The Ugandan parliament referred a controversial new social media tax to a committee for further consideration on Thursday, after protesters took to the streets of Kampala last week. The tax, which went into effect July 1, charges 200 Ugandan shillings (or $0.05) per day of use for 60 mobile apps, including Facebook, Instagram, Twitter, and WhatsApp. Critics say it puts an undue burden on the poorest members of society, and that it is an assault on freedom of expression.
“The primary motivation behind [the social media tax] is to silence speech, to reduce the spaces where people can exchange information, and to really be able to control, with the recognition that online platforms have become the more commonly used way for sharing information,” says Joan Nyanyuki, Amnesty International Regional Director for East Africa, the Horn, and the Great Lakes.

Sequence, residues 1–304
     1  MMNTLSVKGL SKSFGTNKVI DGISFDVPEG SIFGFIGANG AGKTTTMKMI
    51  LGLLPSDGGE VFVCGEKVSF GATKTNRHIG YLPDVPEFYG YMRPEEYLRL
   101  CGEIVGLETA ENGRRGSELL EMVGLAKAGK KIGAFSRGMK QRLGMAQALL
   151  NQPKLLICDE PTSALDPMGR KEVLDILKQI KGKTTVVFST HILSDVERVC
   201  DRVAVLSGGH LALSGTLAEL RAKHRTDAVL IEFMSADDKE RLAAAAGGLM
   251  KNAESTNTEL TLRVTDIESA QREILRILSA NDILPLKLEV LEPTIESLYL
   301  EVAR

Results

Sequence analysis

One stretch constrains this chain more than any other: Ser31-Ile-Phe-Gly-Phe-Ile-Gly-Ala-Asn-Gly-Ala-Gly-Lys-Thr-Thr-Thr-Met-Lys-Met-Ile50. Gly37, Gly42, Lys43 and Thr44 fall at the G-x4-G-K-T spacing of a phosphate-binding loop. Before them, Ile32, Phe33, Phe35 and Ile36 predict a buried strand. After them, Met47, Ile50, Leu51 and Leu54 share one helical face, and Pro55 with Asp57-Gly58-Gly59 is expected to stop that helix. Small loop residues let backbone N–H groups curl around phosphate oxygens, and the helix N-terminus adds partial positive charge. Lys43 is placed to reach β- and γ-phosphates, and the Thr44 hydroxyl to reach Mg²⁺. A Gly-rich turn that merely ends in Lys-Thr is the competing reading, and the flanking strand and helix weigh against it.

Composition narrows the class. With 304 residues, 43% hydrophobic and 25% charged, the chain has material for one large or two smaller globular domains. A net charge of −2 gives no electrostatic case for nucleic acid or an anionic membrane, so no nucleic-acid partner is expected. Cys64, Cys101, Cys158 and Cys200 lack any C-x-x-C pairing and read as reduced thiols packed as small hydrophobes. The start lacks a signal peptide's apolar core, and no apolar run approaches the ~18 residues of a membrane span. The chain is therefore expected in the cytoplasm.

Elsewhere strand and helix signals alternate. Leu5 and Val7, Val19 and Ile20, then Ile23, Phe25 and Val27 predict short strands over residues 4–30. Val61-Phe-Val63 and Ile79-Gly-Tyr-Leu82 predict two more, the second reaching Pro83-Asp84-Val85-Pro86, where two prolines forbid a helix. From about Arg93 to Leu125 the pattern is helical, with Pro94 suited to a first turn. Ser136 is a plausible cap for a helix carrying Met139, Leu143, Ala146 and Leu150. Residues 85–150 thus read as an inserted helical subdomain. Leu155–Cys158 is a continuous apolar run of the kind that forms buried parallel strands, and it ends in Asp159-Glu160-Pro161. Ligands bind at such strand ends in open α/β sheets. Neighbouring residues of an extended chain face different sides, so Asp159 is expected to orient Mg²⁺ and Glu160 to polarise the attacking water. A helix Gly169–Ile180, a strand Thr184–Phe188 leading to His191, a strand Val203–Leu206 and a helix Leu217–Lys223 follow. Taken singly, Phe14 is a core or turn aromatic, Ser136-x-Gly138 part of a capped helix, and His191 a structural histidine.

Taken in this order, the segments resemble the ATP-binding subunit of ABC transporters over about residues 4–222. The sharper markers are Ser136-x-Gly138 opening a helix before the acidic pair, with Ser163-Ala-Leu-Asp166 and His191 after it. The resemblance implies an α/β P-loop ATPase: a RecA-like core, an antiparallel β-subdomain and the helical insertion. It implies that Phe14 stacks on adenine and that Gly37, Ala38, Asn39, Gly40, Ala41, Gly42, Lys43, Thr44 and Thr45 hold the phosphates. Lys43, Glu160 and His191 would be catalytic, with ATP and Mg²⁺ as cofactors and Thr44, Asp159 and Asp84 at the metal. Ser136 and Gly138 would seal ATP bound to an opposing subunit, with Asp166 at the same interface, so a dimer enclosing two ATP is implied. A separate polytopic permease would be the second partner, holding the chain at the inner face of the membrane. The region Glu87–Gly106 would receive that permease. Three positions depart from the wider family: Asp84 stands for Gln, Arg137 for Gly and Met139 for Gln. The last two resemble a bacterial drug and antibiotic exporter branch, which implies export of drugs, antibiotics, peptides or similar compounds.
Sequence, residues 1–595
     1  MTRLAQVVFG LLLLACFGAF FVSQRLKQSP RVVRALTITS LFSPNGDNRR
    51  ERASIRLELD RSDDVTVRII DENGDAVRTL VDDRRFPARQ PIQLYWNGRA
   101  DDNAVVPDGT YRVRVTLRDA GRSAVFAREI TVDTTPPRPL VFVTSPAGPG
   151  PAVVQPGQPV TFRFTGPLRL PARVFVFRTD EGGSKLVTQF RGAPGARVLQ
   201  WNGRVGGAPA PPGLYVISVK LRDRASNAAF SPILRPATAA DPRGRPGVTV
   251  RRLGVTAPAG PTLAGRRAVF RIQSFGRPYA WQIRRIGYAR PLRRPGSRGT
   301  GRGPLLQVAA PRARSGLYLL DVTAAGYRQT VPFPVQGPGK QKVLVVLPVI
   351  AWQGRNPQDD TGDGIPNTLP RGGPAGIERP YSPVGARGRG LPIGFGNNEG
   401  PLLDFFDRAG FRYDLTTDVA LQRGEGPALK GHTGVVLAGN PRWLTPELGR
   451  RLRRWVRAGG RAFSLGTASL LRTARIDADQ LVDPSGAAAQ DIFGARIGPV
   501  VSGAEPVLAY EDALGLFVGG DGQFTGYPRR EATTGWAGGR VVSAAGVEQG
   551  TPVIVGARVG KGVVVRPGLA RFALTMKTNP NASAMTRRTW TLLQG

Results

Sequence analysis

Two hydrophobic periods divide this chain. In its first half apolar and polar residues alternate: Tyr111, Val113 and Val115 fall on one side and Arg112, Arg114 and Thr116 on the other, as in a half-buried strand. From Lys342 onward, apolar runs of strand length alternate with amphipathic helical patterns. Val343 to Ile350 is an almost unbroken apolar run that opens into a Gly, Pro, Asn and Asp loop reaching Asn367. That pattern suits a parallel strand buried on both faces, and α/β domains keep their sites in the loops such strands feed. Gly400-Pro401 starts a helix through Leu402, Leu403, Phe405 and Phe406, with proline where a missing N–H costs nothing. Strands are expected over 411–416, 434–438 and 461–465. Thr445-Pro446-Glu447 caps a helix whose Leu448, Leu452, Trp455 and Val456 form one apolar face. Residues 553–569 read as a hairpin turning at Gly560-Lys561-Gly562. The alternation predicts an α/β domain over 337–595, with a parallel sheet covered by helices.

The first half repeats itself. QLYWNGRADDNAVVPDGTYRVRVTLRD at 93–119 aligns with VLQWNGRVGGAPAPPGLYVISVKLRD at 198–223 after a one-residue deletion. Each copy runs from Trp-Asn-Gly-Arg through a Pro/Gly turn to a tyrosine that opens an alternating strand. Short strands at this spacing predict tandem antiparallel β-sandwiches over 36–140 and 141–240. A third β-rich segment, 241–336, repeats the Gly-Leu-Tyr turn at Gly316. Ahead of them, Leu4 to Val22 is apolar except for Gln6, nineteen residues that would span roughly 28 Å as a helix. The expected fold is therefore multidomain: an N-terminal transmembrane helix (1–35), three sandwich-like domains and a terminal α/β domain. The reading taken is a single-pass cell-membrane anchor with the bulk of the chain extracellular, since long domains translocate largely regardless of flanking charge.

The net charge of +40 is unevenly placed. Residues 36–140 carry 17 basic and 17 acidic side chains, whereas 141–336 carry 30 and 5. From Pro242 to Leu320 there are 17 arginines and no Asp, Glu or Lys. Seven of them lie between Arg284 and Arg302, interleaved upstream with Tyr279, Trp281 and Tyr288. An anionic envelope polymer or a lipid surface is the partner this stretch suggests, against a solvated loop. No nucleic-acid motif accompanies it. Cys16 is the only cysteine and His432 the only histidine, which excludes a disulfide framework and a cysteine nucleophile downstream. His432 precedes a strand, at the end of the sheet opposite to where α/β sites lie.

While Uganda’s social media tax is the first of its kind, according to the Electronic Frontier Foundation, it follows [...]